This difference between Arks and Tabernacles hints at a bigger difference between God’s presence in the two Covenants. In the Old Covenant (O.C.), God himself was spirit, and his Stuff in the Ark made physical testimony to Him. In Catholic terms, the Stuff was an O.C. analog to sacramentals such as Holy Water. But in the N.C., mere Stuff is amped-up by Jesus being God in the flesh. To some extent, yeah, Jesus’ body is stuff, but it’s as integral to his divine being as our bodies are to our human existence. Living stuff, fused with unique spirit. The stuff of Jesus’ body, or even my body, has moral aspects that don’t apply to say, rocks. Or a pot of Manna. So think of Jesus not as a sacramental such as Holy Water; but as a sacrament such as Baptism. All the difference in the world. And the idea of Mary being not just Ark, but Tabernacle, a little house for God to live in, expresses a whole new reality about how God will from then on dwell among his people. In other words, the N.C. counterpart to the O.C. Ark of Stuff is not another Ark of Stuff, but God Himself physically among us, dwelling in a house.

All that said, this is really a post about Catholicism and how its architecture may communicate Bible Truth. Here’s a photo from my church, St. Mary’s in Greenville, SC:


A lovely visual shorthand for the Holy Spirit spreading its protecting wings over Mary and Jesus, recalling the Annunciation and numerous additional Biblical references to overshadowing. But wait, there’s more! Not only does this liturgical detail allude to Jesus dwelling in Mary for 9 months, but connects that idea to the present day, and extends it indefinitely into the future. Have a look:
There ya go, the big picture. As Jesus once dwelled under the shadow of the Holy Spirit in Mary, he remains overshadowed, now dwelling in the little houses, the Tabernacles, in Catholics churches the world over. And Jesus will continue to dwell in them until the New Covenant passes away, and we live together with Him forever, bodies and souls united in the New Jerusalem.
In Catholic churches, big ideas hide in plain sight.
Church photos by Arlen Clarke, Choirmaster at St. Mary’s

Glory Cloud

This year so far is the best year I’ve had catechizing 6th grade, which is saying a lot, since even the worst year (which I clearly remember) was still a good year. The kids and I have become a little family, laughing, learning, anticipating, finishing other people’s sentences. It’s like sitting around the dinner table and the topic of lively conversation is always Jesus and his Church. The last two classes were like group flow-states, if that’s possible. The kids believe in themselves, partly because they know I believe in them and love them like my own children. Every Wednesday night we hit the ground running, and they are fearless thinkers, knowing that even a fabulously wrong answer can still be a good answer.

Last class we were discussing this Annunciation, and how aspects of both Church and Temple are present in the building. The kids can relate new stuff to old stuff on the fly, and one of them asked if there had been a Shekhinah cloud over the Temple, as there had been over the Meeting Tent.

 Panel from the Isenheim Altarpiece

“Huh…maybe as long as it contained the Ark; y’all may remember that the Ark was gone by the time Mary was born. But there’s a Glory Cloud in the painting. I see it!  Yes! And in the cloud? The dove, the Holy Spirit!  Yes! But is it overshadowing the Ark? No, Mary!  Yes, because…Jesus is in her?  Yes, as of that very moment when the both Holy Spirit and Glory Cloud overshadow her. Yes, what? Is there a Shekhinah in church?  Uhh…never thought about it. I guess not. Well, maybe it’s there but we can’t see it because of sin (being blinded or veiled by sin is a standard idea). Wow, you could be right! There’s all sorts of glory and saints and angels at Mass with us, so I wouldn’t be surprised if the whole church (arms waving around) might be lit like the sun with God’s presence. It might be like visions Isaiah and Daniel had (they know them). Wow. We’ll get to some of that later this year.” And then we continued to discuss the painting.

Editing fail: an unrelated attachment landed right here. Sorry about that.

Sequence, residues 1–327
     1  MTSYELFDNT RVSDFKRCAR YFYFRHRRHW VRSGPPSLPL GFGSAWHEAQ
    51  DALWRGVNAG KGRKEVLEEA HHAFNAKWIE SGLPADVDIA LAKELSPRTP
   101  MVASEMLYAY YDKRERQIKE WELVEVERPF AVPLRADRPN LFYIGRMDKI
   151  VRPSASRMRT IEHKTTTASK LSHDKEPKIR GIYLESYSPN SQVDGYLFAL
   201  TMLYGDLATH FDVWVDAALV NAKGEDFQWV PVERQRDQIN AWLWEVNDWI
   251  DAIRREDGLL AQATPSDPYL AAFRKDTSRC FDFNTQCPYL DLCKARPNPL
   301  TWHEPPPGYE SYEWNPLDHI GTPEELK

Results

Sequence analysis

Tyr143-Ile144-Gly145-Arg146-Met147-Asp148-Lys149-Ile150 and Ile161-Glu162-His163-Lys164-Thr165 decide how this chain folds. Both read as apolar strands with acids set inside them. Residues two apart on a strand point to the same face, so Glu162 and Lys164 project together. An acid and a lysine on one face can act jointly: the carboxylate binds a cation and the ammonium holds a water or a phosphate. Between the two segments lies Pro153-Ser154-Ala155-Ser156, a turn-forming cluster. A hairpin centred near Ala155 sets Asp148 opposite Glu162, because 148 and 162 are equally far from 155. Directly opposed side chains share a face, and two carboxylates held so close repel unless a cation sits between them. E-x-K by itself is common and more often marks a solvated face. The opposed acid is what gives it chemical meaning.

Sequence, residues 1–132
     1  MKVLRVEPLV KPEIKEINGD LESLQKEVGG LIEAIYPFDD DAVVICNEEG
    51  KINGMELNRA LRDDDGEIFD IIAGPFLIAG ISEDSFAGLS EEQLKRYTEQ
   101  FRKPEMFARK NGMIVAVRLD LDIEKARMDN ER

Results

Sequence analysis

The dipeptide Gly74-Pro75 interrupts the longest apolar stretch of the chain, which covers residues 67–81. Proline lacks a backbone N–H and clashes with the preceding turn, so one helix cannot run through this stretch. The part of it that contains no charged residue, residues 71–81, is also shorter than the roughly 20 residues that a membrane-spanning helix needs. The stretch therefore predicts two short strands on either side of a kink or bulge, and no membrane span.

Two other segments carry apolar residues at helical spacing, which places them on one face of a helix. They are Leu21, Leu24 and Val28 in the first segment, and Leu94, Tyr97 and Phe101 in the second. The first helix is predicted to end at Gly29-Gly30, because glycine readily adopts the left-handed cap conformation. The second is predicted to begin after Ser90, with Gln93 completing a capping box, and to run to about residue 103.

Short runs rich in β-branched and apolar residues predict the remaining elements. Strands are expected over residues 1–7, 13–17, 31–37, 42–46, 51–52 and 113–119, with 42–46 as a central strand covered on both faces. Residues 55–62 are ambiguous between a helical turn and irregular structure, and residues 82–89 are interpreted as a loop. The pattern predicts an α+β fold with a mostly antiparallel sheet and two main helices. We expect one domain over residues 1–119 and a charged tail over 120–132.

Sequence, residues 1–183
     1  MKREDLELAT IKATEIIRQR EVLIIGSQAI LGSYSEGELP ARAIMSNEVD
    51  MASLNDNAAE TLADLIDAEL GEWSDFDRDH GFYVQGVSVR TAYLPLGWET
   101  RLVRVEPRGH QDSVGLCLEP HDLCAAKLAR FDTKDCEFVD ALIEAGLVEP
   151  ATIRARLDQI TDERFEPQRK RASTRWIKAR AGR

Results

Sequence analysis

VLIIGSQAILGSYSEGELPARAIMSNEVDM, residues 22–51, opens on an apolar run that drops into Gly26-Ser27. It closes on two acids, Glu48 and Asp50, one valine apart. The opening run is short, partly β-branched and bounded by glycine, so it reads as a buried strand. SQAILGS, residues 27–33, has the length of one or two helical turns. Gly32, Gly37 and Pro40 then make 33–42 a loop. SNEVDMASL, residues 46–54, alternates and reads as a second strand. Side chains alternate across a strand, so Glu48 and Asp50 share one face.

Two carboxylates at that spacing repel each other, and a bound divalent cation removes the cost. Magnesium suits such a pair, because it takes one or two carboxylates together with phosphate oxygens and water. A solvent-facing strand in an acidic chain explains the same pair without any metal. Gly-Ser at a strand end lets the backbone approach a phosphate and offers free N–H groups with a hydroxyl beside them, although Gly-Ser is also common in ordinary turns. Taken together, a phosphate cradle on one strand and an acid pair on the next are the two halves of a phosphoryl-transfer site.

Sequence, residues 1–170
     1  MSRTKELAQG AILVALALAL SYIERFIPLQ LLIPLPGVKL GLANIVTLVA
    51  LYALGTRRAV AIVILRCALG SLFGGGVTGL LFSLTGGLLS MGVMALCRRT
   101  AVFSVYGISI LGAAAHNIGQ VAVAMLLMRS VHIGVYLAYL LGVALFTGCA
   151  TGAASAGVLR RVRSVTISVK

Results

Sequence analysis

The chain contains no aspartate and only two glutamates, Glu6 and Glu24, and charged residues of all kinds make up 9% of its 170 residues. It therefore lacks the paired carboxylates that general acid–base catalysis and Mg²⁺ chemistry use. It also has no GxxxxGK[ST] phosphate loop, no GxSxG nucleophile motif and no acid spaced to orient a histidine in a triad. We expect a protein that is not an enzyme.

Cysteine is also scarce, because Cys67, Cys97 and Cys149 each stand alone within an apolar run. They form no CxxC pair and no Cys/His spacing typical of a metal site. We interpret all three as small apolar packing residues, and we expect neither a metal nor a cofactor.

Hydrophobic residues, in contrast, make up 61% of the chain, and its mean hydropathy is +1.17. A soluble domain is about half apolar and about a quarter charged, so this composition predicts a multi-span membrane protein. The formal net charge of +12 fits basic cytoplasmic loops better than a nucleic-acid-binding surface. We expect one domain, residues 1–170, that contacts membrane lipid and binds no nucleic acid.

I know this vignette is a small thing, but for that weekly hour of class we hover on the cusp of Heaven. This is my life. As the song says, God Has Been So Good to Me.

Do We Need A Paradigm Shift?

bored studentIf in 1990 you would have asked people if they would buy bottled drinking water they would have laughed at you or rolled their eyes.  But today 9.67 billion gallons of bottled water is consumed in the United States alone (according to the International Bottled Water Association’s 2012 report).

In the same vain if in 1990 you would have said that the paradigm for religious education will not be the best means of forming children in the 21st century few would have listened.

I could write an educational catechetical dissertation (maybe I should) on how we got to the place we are at in the realm of catechetical formation of young people.  I will spare you, at least for now, a lengthy introduction to the state of education and catechesis today. However, let me share that neither in public education or in catechetical formation is the factory model working as an effective model for catechetical formation.

I don’t think it is a complete failure but I wonder if there are better models that need to be considered today.  The factory model has been defined in various ways, but here is one definition: “In the “factory” school, all students were grouped chronologically, were taught the same material from the same textbook, and were expected to function in an obedient, non-questioning manner (Schrenko, 1994).”   This method allows teachers to teach the same way all subjects at the same pace to all the children in the classroom.

Our catechetical classrooms today follow this model to a great degree although with some variation.  Technology is driving much of education and there are many attempts to reconsider the 150 year old factory model that has impacted all education.  religious ed